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InfoQ Homepage Articles Virtual Panel: Code-to-Test Ratios, TDD and BDD

Virtual Panel: Code-to-Test Ratios, TDD and BDD

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In the last couple of months several online discussions took place about test first vs test last, code-to-test ratios or whether BDD is really just TDD. InfoQ asked renown TDD and BDD experts to give us their take on the usage of TDD, BDD and testing ratios.

The panelists:

  • J. B. Rainsberg - Consultant and TDD expert, blogs at The Code Whisperer
  • Dan North - Lean Technology Specialist at DRW Trading Group, coined the term Behaviour Driven Development (BDD)
  • Gojko Adzic - Consultant, author of 'Specification by Example' and 'Bridging the Communication Gap'
  • Ron Jeffries - Independent consultant in XP and Agile methods, coached the original XP project
  • Steve Freeman - Agile trainer and consultant, author of 'Growing Object Oriented Software, Guided by Tests'

The questions:

  1. What criteria do you think should guide the decision to follow TDD and/or BDD (or none) for the development of a given project?
  2. There seems to be a generalized understanding that TDD = unit testing and BDD = acceptance testing (regardless of tools). To which extent is this correct and where do other types of testing such as component and system integration fit in this picture?
  3. Over the years TDD has been referred to as a (code) design discipline, a testing discipline or a communication tool. In which ways do these distinct goals affect the design and the present vs future value of tests in TDD?
  4. Do you recommend some upfront criteria for unit vs integration vs acceptance testing ratios taking into considering automation and maintenance costs?
  5. Life-critical systems aside, there seems to be a generalized agreement today that 100% test coverage should not be a goal or ideal by itself when developing software. Do you think code-to-test size and effort ratios can promote more focused and/or effective testing?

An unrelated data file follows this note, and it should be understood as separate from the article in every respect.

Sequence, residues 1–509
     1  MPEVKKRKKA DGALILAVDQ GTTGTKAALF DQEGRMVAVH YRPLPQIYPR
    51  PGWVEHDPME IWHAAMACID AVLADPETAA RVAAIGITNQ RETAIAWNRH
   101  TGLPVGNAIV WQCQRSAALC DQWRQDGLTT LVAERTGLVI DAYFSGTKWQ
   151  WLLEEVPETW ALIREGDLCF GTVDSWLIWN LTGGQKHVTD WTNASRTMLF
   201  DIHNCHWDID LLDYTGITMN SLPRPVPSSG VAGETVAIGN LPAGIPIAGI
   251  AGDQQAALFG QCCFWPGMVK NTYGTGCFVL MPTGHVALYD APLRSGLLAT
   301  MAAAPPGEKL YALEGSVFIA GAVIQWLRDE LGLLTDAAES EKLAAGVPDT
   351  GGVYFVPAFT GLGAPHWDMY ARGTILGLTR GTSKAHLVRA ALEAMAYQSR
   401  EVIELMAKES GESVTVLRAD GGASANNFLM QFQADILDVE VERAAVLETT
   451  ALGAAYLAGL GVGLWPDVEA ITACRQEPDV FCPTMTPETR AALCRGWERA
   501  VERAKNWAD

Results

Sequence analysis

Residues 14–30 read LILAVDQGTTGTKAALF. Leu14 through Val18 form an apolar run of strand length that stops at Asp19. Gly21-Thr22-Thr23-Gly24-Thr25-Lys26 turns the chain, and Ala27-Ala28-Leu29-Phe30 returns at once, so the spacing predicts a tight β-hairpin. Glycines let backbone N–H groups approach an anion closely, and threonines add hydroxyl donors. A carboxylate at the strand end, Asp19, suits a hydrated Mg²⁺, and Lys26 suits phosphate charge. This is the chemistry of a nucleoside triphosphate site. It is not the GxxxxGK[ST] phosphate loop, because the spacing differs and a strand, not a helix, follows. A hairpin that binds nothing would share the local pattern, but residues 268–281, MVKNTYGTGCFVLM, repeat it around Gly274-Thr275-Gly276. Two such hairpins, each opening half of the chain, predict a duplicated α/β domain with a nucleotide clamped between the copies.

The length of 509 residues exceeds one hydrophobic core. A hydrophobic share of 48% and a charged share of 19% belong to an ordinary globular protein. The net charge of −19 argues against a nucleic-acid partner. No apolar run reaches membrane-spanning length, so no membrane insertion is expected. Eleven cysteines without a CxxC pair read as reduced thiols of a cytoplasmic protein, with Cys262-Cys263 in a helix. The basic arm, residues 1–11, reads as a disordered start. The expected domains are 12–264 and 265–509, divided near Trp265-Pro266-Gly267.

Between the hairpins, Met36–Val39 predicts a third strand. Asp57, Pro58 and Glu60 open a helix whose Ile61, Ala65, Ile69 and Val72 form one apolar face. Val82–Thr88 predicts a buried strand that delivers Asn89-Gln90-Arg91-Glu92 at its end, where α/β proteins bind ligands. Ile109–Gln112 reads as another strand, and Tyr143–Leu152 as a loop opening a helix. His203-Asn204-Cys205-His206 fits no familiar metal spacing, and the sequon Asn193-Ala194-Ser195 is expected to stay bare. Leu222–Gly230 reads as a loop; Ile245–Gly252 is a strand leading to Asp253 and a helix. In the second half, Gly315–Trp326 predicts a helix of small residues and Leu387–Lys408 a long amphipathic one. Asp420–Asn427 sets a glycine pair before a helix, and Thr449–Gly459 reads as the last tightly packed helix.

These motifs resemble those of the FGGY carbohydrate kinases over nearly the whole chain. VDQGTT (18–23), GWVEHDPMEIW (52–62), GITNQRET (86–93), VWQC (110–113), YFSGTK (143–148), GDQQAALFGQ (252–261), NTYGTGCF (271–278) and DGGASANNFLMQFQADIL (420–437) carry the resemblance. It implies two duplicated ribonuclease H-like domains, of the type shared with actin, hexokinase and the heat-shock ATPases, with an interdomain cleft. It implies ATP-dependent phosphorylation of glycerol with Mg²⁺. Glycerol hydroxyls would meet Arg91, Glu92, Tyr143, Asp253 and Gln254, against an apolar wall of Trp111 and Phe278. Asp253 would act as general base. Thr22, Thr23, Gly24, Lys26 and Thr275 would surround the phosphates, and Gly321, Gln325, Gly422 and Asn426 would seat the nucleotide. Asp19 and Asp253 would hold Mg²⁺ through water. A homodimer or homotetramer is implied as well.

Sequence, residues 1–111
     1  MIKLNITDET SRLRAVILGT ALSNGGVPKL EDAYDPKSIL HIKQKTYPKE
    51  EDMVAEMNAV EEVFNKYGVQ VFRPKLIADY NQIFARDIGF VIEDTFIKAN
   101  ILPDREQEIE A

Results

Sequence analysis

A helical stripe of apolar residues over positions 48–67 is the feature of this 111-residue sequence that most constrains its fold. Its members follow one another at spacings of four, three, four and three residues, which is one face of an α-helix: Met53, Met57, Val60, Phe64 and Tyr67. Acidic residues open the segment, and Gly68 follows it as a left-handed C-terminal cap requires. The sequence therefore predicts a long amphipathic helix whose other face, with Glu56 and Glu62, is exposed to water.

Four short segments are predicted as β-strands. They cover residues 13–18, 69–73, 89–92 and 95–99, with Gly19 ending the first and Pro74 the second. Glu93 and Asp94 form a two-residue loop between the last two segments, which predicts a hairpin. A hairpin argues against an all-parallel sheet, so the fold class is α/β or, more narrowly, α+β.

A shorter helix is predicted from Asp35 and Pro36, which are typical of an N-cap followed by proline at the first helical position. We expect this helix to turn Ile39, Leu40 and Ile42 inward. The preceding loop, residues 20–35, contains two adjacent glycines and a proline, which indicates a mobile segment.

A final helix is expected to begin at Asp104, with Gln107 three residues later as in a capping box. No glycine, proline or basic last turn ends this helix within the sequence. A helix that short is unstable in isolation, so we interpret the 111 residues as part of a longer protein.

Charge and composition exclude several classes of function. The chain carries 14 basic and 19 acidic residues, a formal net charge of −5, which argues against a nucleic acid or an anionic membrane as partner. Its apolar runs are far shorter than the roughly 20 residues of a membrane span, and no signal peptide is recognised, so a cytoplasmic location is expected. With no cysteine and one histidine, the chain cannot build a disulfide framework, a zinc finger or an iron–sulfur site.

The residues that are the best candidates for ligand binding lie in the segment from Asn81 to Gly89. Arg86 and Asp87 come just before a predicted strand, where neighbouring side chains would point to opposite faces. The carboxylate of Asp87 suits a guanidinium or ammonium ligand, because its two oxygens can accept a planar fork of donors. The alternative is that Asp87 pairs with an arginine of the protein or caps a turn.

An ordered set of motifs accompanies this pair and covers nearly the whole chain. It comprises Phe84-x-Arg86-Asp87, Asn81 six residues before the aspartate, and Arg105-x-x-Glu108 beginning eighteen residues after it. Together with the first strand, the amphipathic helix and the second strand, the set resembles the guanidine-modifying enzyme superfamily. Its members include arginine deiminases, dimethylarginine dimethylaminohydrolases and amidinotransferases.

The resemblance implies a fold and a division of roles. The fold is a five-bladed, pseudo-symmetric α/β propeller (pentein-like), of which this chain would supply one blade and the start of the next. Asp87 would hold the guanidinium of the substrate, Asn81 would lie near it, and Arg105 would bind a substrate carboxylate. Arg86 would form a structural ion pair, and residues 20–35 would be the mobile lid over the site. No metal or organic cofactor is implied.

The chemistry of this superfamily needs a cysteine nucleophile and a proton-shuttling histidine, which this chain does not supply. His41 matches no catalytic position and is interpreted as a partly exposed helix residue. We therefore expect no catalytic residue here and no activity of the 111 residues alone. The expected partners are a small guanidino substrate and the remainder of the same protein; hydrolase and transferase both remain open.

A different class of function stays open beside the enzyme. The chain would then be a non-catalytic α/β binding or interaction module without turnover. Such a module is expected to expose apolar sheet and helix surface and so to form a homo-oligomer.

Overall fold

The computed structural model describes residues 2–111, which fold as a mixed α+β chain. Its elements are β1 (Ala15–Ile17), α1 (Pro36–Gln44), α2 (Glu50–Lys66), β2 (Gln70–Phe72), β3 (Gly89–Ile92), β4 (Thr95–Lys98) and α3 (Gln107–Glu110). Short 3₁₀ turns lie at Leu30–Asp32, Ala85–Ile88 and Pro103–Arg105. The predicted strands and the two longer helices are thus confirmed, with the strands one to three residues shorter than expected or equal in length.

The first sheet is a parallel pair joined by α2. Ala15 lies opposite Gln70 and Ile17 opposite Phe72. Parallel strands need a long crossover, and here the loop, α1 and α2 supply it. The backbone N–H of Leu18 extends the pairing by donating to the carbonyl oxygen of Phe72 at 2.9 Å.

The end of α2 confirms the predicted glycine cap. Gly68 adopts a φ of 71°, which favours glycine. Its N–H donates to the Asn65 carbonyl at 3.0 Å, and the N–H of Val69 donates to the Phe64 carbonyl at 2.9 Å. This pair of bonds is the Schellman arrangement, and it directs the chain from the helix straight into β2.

6. TDD, BDD, ATDD, test-first, specification by example and so forth mean different things to different people and confuse the rest. Are we missing an ubiquitous language for describing our software development methodologies and growing a shared understanding of context-driven good practices?
  7. Any last words about these topics?

InfoQ: What criteria do you think should guide the decision to follow TDD and/or BDD (or none) for the development of a given project?

JB: I feel uncomfortable making generalisations on this topic, so instead, let me describe why and when I use TDD/BDD.

I first encountered TDD because I wanted a way to stop swimming in mistakes (or defects or bugs, whichever you want to call them). The number of mistakes I made in my programs robbed me of any sense of completion: no matter how much I had done, I never felt closer to completing my work. I guessed at the time that if I tested my own code, I would find most of the silly, simple mistakes, and fix them myself. I wanted this, not to avoid looking stupid, but rather to avoid a false sense of completing my own work. It helped me, and after a few years I began to realise that TDD helped me not only avoid mistakes in behavior, but also mistakes in design. When I learned about BDD years later, I eventually realised that it helped me avoid mistakes in choosing and completing features. Over time, I came to believe that mistakes cost me more time, effort and energy than doing good work, so TDD and BDD became core practices for me.

To return to the question, I encourage people to articulate why they want to do TDD, and do it for that reason. Beyond the typical reasons to practise TDD/BDD -- better designs, fewer defects, more valuable features, less wasted effort -- I encourage people to look at the personal reasons to practise TDD/BDD and focus on those. I wanted to feel more confident in my claims that I had finished a given piece of work, because the alternative caused me too much anxiety. I think these reasons differ wildly from person to person.

Dan: Firstly let me provide a couple of loose definitions. TDD is a programming technique that causes a programmer to think about their code from the perspective of other code that will use it, which promotes emergent design. You write a test to describe how the next piece of code will be used, then you write the code to make that test pass. This technique is the exclusive domain of programmers and when it is applied properly (I'll expand on that in a moment) it has a number of subtle benefits. Writing the tests help you understand the domain and can help with naming things. A test can expose a gap in understanding ("What do you think it is supposed to do in this case?") and of course a suite of automated tests can help identify regression defects.